FLP trains depart from a separate platform about 50 metres down the hill from the FFS platforms. This line travels to Ponte Tresa on the Italian border via Lugano-Agno Airport.
Due to physical geography, Lugano has good North-South oriented links and non-existent East-West ones.
Lugano is on the A2 motorway (just "2" on a red background on Swiss road signs) which spans the width of the country from Basel on the French/German borders to Chiasso on the Italian. This is part of the European Route E35 from Amsterdam, Netherlands to Rome, Italy. Like most Swiss roads, the condition is usually very good and speeds are good, nevertheless distance makes journey times relatively long, particularly when travelling from the north of the country. (But then again, what do you expect, you're crossing the alps! Just imagine that you're Hannibal and enjoy it). Lugano is about 3h from Berne or Zürich, in optimal conditions. Note that this route passes through the San Gottardo tunnel, which is a bit of a bottleneck on Sundays (northbound) and Friday (southbound), so budget some time for traffic jams. Jams can be up to 3 hours long during peak travel times such as Easter.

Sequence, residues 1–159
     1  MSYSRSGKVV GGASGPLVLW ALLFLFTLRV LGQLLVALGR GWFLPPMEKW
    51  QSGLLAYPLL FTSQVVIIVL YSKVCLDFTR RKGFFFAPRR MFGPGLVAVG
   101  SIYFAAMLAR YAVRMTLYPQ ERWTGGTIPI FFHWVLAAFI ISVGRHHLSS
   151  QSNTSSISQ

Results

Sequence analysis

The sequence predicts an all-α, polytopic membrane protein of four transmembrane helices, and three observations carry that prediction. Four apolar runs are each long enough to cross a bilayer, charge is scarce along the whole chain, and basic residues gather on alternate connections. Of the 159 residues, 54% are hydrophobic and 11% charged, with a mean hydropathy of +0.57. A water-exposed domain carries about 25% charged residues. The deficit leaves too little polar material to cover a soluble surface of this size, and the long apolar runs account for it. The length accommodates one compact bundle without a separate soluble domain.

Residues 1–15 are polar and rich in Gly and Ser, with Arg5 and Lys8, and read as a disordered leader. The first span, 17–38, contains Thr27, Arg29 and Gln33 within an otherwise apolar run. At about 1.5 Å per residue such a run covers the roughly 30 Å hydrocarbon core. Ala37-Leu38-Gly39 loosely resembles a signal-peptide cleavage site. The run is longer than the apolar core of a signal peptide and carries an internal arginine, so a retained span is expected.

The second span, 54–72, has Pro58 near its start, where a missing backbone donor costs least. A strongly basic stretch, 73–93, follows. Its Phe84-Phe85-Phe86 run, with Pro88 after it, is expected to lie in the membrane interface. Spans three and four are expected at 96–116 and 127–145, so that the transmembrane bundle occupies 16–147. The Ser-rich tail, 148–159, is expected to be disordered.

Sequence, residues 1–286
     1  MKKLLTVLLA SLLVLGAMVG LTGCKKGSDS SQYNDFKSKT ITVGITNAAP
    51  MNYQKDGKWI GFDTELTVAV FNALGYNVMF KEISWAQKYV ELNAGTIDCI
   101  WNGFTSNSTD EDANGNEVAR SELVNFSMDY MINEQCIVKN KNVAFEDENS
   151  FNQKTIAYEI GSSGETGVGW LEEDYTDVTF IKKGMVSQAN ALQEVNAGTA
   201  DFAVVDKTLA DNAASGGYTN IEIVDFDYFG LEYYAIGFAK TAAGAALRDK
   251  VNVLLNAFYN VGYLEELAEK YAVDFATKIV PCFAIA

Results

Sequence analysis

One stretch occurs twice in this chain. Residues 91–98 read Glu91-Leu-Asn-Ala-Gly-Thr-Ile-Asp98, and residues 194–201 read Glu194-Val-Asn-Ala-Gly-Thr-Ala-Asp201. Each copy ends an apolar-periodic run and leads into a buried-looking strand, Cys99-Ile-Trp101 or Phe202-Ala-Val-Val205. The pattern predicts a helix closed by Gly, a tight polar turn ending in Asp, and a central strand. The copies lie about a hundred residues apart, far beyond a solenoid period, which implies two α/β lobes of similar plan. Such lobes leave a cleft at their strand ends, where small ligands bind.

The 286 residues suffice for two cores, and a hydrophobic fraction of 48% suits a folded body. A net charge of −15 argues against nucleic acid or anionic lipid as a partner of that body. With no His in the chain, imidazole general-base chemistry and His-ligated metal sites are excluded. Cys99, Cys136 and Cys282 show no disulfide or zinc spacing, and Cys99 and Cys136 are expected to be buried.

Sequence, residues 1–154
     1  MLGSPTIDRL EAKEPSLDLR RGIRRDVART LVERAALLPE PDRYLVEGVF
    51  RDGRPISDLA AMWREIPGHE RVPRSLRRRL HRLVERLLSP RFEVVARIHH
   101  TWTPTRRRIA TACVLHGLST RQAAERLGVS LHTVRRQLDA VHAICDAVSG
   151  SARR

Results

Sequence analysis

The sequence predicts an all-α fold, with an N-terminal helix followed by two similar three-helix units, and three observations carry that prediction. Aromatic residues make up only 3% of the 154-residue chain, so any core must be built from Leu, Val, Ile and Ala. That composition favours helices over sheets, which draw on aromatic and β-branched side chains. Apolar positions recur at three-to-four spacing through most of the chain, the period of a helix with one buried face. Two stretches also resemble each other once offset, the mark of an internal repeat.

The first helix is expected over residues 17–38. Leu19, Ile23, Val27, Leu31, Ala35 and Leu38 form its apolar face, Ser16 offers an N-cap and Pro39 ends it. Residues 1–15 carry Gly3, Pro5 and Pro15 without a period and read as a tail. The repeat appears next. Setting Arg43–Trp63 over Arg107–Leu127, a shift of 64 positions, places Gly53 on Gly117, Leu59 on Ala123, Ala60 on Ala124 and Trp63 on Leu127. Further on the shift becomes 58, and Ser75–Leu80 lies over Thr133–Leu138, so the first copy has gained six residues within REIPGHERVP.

Coming from the south, you have more choices on the flat Po plain but the main route is the A9 motorway from near Milano to Chiasso (where it becomes the Swiss A2). This motorway is fast and relatively uncongested, just beware the somewhat more carefree driving style of the Italians compared to the Swiss. Note also the changes in speed limits when crossing into Switzerland. Lugano is about 1h30 from Milano and 1h10 from Malpensa airport, in optimal conditions. Travelling on the A9 does incur one toll near Como, around 2.20EUR as of 2016.
NB. crossing customs is usually a pain-free exercise. Switzerland is part of Schengen, so they're (currently) not interested in your passport (if you're European) but they are not part of the EU and may be interested if you're carrying anything you need to declare; make sure you know the duty-free limits.